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Home » Daily Readings, New Testament Writers

Grace and Prayer

Submitted by on Thursday, 9 October 2008No Comment
  • Reading I: Galatians 3:1-5
  • Resp. Psalm:  Luke 1:69-70,73
  • Gospel Reading:  Luke 11:5-13

"Napakatatanga naman ninyo, mga Galateo!" That is the way I would translate the Galatians 3:1 It is a cry of disappointment.  Paul had taught the Galatians to put their trust in God and in the good news about Jesus, not on laws.  For him, the greatest symbol of the gratuitousness of God’s grace is the cross of Christ "who loved me and gave his life for me."   But in his absence, they have embraced a gospel that put observances, regulations and sacred times between the Galatians themselves and the grace of God in Christ.  And that goes against the grain of all that Paul had taught them.

"Grace" is first of all something gratuitous.  It is undeserved but still given.  It is a gift, given simply because.  It has always been the conviction of the Church that the first grace (conversion), the "ongoing" grace (perseverance), and the conclusive grace (the beatific vision) are all from God.  The sinner who puts himself under the mercy of God in conversion, the initiate who allows him/herself to be led along the ways of the Spirit, and the saint who beholds the face of God — all these are products of God’s hand, His poemata

The foolishness of the Galatians consists in the fact that by embracing a gospel that made them Jews first before being Christians is to allow themselves to fall into slavery.  Christians have received the Spirit of sonship that makes them co-heirs with Christ, not with Abraham.  Only a Jew like Paul, passionate for freedom, could have said:  "when the fullness of time had come, God sent his Son, born of a woman, born under the law, to ransom those under the law, so that we might receive adoption (Galatians 4:4-5)".  The Jewish spirituality that Paul was trained in is a continuing exodus:  the move away from the bonds of slavery (Egypt) to the freedom of the sons of God (Promised Land) .  In between this trajectory, the Law (Sinai)  was a training ground.  Paul realized however the inability of the Law to empower Israel to rise above himself.  Israel kept falling back despite the Law and the prophets.  In the end, God had to recreate Israel out of "his Son" so that through him a new people may come forth.  The Galatians were a part of this "new people" born from a son’s obedience to the Father’s will. They did not come from a slave as was Israel who had to be trained to be a freedman through the discipline of the Torah.   They came from the Son, that is, from someone who was ever since the beginning already free.  All they had to do is to live from the Father’s bounty and according to the dignity conferred by their received sonship.  To live in the freedom of the spiritual sonship received, not by the laws imposed by another. The rest of Paul’s epistle underscores the powerlessness of the Law and the triumph of Grace in Christ.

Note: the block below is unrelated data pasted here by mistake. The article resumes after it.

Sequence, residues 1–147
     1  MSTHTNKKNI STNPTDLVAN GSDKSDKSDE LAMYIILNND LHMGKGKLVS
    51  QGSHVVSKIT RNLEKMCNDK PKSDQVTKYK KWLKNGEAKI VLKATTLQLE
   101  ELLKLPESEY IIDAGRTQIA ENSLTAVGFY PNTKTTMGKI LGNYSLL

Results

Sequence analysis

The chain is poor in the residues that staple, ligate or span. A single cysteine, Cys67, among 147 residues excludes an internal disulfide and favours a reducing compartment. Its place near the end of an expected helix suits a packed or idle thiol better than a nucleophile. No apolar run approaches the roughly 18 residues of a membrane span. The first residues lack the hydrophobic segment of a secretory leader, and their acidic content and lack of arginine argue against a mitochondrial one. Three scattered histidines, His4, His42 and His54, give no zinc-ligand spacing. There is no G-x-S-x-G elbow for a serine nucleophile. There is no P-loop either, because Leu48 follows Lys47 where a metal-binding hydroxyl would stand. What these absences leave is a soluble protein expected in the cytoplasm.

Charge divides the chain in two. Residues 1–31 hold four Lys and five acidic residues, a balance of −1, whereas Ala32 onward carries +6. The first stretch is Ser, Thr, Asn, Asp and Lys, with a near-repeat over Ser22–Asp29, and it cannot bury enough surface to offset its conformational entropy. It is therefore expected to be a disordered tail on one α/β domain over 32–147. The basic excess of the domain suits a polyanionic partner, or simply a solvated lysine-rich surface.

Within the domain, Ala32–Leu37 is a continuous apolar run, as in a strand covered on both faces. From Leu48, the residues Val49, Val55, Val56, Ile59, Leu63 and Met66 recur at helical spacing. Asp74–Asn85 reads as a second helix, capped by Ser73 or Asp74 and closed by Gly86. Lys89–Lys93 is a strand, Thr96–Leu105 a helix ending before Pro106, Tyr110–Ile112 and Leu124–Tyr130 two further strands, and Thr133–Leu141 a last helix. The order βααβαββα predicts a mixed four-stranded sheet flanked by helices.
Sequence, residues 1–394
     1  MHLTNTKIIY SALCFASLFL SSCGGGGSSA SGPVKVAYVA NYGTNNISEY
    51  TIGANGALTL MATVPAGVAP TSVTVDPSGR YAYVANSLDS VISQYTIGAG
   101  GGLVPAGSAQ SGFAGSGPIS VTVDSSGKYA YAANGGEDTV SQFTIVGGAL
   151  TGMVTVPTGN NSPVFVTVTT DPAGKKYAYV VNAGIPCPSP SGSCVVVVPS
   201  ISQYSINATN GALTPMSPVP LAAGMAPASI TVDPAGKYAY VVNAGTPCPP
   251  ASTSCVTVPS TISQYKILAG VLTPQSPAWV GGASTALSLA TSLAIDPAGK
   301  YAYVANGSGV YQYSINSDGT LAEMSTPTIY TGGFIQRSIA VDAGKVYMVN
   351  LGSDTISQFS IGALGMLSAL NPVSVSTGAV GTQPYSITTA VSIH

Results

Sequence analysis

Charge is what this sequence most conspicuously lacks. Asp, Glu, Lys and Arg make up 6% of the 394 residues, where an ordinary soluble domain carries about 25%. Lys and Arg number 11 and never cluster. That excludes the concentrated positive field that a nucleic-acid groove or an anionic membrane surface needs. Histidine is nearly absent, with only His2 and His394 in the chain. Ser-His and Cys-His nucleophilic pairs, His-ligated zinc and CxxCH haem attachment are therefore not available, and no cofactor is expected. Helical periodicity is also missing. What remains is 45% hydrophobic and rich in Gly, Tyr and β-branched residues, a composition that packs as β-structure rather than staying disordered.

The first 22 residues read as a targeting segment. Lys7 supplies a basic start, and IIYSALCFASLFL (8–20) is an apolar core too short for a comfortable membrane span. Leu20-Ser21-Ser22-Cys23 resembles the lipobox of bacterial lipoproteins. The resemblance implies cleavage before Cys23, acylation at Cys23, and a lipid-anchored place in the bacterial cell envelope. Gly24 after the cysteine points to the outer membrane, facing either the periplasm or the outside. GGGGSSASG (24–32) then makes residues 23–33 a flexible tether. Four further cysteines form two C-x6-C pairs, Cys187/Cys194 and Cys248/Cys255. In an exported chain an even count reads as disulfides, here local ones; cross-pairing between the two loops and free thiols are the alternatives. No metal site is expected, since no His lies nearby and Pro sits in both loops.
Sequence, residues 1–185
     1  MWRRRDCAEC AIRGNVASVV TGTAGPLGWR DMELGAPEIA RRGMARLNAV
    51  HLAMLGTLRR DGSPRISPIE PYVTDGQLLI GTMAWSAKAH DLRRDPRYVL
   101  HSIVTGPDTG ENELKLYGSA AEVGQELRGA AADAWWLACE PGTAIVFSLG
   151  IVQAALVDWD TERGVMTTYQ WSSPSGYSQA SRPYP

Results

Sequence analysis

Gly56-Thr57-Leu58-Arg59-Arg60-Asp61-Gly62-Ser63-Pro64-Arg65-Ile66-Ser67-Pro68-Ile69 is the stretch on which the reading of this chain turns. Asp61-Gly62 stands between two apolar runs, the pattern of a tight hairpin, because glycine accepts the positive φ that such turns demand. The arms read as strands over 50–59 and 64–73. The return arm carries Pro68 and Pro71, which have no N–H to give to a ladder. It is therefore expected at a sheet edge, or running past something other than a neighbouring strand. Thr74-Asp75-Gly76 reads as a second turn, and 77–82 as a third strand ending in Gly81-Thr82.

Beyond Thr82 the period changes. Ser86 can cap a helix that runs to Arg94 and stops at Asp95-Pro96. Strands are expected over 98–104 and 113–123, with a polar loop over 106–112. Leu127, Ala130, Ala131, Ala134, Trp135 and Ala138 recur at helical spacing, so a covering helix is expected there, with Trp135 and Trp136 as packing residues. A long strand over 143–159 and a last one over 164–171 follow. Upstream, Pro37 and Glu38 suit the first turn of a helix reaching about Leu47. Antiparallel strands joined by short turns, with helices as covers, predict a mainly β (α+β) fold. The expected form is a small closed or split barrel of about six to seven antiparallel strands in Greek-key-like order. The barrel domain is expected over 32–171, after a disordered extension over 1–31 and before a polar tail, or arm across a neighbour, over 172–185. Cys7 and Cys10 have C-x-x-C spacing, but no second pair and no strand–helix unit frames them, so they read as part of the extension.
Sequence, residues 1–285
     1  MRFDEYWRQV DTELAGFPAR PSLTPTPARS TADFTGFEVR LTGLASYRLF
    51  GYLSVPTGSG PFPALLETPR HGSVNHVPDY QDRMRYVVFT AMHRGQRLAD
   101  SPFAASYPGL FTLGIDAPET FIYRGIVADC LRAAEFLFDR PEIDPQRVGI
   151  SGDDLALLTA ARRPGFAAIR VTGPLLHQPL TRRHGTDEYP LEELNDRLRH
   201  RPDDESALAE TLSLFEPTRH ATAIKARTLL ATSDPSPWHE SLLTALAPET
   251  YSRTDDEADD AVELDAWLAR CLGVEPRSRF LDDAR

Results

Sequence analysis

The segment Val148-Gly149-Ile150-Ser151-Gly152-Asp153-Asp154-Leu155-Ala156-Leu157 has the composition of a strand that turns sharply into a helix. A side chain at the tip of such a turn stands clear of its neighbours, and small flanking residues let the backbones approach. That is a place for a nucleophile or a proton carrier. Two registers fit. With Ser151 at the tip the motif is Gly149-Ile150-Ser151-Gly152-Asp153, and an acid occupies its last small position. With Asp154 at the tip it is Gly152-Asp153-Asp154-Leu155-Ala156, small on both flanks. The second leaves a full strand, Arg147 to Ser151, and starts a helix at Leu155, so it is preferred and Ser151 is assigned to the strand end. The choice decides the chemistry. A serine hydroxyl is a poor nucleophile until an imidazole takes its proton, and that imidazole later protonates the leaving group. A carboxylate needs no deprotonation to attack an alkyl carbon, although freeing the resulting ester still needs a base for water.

handsinprayer2 Since all is grace — as Georges Bernanos would put it — then all can be received in prayer.  And this is the point of the day’s gospel.  Prayer, Augustine once said, is the desire of the heart.  "The greater one’s desire, the louder is one’s prayer."  But the desire that Augustine speaks of here is not the libidinal one that Paul would consider "of the flesh".  It is the desire of a rightly ordered love, much like the love of Jesus, the Son, to His Father.  If one loves the Father as Jesus did, would one be denied one’s earnest requests?

Read an explanation of the Gospel reading here: The Disciples’ Prayer
Galatians 3:1-5
View in: NAB NIV KJV NJB Vulg Greek
1O senseless Galatians, who hath bewitched you that you should not obey the truth, before whose eyes Jesus Christ hath been set forth, crucified among you?
2This only would I learn of you: Did you receive the Spirit by the works of the law, or by the hearing of faith?
3Are you so foolish, that, whereas you began in the Spirit, you would now be made perfect by the flesh?
4Have you suffered so great things in vain? If it be yet in vain.
5He therefore who giveth to you the Spirit, and worketh miracles among you; doth he do it by the works of the law, or by the hearing of the faith?
Luke 1:69-70,73
View in: NAB NIV KJV NJB Vulg Greek
69And hath raised up an horn of salvation to us, in the house of David his servant:
70As he spoke by the mouth of his holy prophets, who are from the beginning:
73The oath, which he swore to Abraham our father, that he would grant to us,
Luke 11:5-13
View in: NAB NIV KJV NJB Vulg Greek
5And he said to them: Which of you shall have a friend, and shall go to him at midnight, and shall say to him: Friend, lend me three loaves,
6Because a friend of mine is come off his journey to me, and I have not what to set before him.
7And he from within should answer, and say: Trouble me not, the door is now shut, and my children are with me in bed; I cannot rise and give thee.
8Yet if he shall continue knocking, I say to you, although he will not rise and give him, because he is his friend; yet, because of his importunity, he will rise, and give him as many as he needeth.
9And I say to you, Ask, and it shall be given you: seek, and you shall find: knock, and it shall be opened to you.
10For every one that asketh, receiveth; and he that seeketh, findeth; and to him that knocketh, it shall be opened.
11And which of you, if he ask his father bread, will he give him a stone? or a fish, will he for a fish give him a serpent?
12Or if he shall ask an egg, will he reach him a scorpion?
13If you then, being evil, know how to give good gifts to your children, how much more will your Father from heaven give the good Spirit to them that ask him?

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